A: I would tell other students who are thinking about applying for the Pickering that there is no reason not to apply. We all doubt ourselves and wonder if we really have the qualifications to pursue these opportunities, but all of us are at Barrett because of positive leadership qualities that have been demonstrated in our personal and academic lives. Have confidence in yourself and lean on your networks as you work through fellowship applications such as the Pickering.

Q: How did you decide to come to ASU? What prompted your decision? How did your undergraduate experience help you get to where you are now?

A: I transferred to ASU from Phoenix College, the flagship campus of the Maricopa County Community College District, in August 2017. As a first-generation college student, I gravitated towards community college because of the low cost, small class sizes, and ability to explore my passions before committing myself to an academic major. Despite the stigmas often associated with community college, I was able to find full-time work, study abroad and earn scholarships that are the only reason why I can afford to graduate with less debt than my peers. Without the experiences that I had as a community college student, I would not be where I am today; I would not have confidence in myself or access to a wide network of mentors on whom I have relied.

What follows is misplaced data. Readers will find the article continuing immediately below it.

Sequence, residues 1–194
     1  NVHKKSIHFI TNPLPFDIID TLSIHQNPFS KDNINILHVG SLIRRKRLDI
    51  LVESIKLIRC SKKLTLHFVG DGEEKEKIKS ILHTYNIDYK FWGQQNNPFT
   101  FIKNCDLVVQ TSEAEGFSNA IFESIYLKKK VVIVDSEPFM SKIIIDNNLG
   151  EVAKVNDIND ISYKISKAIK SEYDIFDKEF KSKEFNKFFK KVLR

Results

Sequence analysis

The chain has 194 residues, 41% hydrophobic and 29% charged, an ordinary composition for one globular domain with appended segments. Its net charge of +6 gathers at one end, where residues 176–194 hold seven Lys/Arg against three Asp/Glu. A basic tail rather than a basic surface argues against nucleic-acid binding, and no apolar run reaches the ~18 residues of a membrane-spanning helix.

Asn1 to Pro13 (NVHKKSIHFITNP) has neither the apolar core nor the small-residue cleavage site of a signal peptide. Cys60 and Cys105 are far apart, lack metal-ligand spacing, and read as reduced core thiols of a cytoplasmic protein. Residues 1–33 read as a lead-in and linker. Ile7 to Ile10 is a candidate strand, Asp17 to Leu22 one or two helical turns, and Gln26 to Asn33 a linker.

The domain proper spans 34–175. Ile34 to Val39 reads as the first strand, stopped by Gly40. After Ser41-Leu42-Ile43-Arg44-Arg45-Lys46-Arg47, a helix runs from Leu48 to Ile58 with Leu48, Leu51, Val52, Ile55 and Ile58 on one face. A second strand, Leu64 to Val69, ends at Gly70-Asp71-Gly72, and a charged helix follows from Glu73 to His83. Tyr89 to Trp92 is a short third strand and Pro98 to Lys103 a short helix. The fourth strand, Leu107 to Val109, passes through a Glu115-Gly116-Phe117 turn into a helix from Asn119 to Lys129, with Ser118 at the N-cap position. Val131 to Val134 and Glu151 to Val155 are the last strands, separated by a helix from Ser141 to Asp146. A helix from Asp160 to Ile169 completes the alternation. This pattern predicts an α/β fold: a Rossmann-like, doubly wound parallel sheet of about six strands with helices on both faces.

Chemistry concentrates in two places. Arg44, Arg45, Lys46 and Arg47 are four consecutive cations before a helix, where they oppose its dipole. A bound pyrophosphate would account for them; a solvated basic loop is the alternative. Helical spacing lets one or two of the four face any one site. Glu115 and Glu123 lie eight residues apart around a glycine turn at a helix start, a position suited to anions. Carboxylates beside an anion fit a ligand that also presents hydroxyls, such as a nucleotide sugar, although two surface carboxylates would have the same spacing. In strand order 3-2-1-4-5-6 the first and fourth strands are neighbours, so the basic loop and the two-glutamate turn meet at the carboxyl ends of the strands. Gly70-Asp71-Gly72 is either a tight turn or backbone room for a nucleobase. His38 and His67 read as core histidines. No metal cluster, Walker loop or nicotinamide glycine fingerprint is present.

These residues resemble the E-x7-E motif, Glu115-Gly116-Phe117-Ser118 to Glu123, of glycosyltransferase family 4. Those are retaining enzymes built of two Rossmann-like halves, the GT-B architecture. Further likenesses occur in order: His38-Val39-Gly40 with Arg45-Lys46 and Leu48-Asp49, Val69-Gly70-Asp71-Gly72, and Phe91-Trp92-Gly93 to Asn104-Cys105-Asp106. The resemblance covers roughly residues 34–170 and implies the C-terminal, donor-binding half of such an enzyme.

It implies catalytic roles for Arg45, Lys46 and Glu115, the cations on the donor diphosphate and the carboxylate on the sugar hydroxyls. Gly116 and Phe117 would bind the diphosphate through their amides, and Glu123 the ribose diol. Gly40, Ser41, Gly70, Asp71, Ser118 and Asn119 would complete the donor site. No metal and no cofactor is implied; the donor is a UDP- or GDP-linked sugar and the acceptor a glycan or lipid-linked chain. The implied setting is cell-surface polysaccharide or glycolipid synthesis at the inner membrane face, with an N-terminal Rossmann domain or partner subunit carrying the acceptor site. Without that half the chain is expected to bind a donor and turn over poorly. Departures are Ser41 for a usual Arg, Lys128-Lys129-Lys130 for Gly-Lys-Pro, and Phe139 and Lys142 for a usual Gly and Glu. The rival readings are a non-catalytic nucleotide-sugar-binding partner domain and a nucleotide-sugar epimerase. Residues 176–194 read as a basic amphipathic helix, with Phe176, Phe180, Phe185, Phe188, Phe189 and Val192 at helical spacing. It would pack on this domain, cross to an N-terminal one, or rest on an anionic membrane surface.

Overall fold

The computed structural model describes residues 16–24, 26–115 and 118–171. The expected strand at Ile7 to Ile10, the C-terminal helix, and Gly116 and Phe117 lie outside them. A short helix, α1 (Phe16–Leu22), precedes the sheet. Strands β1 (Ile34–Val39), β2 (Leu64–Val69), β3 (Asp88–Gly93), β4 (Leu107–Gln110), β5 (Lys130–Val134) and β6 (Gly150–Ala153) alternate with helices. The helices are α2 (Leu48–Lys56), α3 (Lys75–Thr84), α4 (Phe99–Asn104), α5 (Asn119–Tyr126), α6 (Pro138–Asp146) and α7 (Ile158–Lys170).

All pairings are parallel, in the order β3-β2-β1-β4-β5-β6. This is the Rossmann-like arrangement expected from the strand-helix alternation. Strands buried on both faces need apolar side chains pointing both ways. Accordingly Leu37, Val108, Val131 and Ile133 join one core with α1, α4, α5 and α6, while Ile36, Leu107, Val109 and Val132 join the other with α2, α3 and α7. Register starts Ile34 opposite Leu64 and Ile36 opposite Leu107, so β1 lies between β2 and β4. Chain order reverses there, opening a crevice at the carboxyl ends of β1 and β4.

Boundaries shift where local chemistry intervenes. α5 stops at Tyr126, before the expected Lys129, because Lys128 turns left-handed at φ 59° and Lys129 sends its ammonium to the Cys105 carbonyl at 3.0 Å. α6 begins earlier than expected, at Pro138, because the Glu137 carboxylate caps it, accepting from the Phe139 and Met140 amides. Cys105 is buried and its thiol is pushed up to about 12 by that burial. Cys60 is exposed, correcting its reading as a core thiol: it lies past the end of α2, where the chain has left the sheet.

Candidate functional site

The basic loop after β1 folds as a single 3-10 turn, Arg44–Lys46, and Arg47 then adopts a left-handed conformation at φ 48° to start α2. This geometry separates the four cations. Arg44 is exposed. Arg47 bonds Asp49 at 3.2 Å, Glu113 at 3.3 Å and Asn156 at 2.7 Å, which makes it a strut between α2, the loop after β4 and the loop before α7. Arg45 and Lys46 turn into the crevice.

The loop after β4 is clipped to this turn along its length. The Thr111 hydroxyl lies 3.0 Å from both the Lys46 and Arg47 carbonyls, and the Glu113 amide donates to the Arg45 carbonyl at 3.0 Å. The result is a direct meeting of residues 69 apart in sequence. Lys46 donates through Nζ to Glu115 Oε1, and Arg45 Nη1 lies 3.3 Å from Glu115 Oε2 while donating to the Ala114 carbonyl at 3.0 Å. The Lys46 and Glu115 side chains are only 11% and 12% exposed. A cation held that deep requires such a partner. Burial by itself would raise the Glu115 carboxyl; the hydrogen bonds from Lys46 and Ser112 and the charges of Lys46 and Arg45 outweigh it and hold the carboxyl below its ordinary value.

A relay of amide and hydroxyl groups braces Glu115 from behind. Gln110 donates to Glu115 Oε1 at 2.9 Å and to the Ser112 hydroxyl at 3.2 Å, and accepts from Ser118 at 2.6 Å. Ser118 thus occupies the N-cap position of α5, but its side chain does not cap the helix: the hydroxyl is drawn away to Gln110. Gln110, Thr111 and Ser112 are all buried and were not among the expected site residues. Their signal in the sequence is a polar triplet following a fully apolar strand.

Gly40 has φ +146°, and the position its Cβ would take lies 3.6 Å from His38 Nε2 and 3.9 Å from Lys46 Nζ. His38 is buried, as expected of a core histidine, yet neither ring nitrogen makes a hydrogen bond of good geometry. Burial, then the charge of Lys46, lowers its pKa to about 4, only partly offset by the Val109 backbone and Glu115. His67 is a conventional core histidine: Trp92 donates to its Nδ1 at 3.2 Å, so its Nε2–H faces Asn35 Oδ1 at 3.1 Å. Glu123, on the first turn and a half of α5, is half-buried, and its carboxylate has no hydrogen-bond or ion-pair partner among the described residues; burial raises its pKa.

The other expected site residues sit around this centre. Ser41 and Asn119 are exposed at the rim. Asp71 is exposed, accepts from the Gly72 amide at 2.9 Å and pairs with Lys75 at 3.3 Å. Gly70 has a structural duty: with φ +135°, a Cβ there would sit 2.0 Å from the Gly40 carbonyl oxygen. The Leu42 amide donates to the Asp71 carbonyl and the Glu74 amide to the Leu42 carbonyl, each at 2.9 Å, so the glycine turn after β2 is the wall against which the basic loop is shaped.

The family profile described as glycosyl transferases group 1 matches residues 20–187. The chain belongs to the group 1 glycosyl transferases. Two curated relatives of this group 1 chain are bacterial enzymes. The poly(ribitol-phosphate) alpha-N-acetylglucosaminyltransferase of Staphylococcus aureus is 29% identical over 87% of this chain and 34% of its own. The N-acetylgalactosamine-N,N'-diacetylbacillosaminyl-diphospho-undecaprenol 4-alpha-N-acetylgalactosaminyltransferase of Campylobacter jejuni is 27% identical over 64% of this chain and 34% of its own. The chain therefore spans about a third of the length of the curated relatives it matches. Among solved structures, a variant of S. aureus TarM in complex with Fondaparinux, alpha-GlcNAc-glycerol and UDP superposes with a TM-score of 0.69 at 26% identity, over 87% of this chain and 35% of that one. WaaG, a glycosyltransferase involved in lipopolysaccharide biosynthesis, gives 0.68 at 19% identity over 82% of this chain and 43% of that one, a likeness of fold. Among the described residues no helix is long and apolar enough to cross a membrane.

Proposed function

I chose to come to ASU because I wanted to stay close to home and continue my involvement in the community, particularly working with the United Nations Association of Phoenix and Global Ties Arizona. Also, I had several friends enrolled in Barrett and was impressed by the program’s devotion to fostering a culture of service-driven scholarship. Clearly, I made the right choice!

Nicole Greason

Director of Marketing and Public Relations , Barrett, The Honors College